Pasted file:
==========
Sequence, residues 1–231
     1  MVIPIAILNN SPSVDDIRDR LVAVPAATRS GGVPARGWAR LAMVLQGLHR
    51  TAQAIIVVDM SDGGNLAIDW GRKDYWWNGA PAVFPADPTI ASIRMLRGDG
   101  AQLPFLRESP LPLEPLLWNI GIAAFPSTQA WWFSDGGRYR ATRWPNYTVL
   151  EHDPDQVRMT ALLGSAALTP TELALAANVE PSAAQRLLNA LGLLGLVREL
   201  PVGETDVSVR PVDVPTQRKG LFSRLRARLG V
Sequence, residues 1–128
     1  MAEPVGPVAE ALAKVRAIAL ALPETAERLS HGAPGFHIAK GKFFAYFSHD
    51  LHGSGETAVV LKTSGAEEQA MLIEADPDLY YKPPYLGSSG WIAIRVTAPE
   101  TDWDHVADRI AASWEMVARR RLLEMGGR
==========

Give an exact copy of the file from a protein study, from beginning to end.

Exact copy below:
Sequence, residues 1–231
     1  MVIPIAILNN SPSVDDIRDR LVAVPAATRS GGVPARGWAR LAMVLQGLHR
    51  TAQAIIVVDM SDGGNLAIDW GRKDYWWNGA PAVFPADPTI ASIRMLRGDG
   101  AQLPFLRESP LPLEPLLWNI GIAAFPSTQA WWFSDGGRYR ATRWPNYTVL
   151  EHDPDQVRMT ALLGSAALTP TELALAANVE PSAAQRLLNA LGLLGLVREL
   201  PVGETDVSVR PVDVPTQRKG LFSRLRARLG V
Sequence, residues 1–128
     1  MAEPVGPVAE ALAKVRAIAL ALPETAERLS HGAPGFHIAK GKFFAYFSHD
    51  LHGSGETAVV LKTSGAEEQA MLIEADPDLY YKPPYLGSSG WIAIRVTAPE
   101  TDWDHVADRI AASWEMVARR RLLEMGGR